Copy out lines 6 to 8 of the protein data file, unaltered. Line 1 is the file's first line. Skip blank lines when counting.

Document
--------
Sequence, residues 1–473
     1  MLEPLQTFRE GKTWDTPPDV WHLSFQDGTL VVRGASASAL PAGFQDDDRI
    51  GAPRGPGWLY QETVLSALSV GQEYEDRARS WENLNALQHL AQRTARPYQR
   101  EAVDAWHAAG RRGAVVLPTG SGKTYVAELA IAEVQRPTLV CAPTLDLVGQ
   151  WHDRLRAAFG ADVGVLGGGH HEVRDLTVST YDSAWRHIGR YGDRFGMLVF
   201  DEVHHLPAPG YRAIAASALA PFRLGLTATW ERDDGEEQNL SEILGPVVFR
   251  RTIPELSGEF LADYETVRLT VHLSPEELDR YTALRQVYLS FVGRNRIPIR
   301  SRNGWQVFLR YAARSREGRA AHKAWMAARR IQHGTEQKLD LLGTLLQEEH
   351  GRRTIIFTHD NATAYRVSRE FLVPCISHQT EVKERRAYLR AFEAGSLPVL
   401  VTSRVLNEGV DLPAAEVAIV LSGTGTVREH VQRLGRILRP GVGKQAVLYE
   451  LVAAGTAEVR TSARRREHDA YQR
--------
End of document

   201  DEVHHLPAPG YRAIAASALA PFRLGLTATW ERDDGEEQNL SEILGPVVFR
   251  RTIPELSGEF LADYETVRLT VHLSPEELDR YTALRQVYLS FVGRNRIPIR
   301  SRNGWQVFLR YAARSREGRA AHKAWMAARR IQHGTEQKLD LLGTLLQEEH